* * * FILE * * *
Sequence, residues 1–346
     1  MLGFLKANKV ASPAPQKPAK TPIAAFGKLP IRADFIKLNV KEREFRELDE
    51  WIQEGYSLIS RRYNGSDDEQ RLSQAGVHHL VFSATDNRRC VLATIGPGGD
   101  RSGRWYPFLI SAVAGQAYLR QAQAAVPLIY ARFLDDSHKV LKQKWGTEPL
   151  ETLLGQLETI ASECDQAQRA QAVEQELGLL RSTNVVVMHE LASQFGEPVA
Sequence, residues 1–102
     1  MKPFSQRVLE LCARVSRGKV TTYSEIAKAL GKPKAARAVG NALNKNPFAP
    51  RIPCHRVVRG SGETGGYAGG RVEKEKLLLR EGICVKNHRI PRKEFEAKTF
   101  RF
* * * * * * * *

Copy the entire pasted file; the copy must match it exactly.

Sequence, residues 1–346
     1  MLGFLKANKV ASPAPQKPAK TPIAAFGKLP IRADFIKLNV KEREFRELDE
    51  WIQEGYSLIS RRYNGSDDEQ RLSQAGVHHL VFSATDNRRC VLATIGPGGD
   101  RSGRWYPFLI SAVAGQAYLR QAQAAVPLIY ARFLDDSHKV LKQKWGTEPL
   151  ETLLGQLETI ASECDQAQRA QAVEQELGLL RSTNVVVMHE LASQFGEPVA
Sequence, residues 1–102
     1  MKPFSQRVLE LCARVSRGKV TTYSEIAKAL GKPKAARAVG NALNKNPFAP
    51  RIPCHRVVRG SGETGGYAGG RVEKEKLLLR EGICVKNHRI PRKEFEAKTF
   101  RF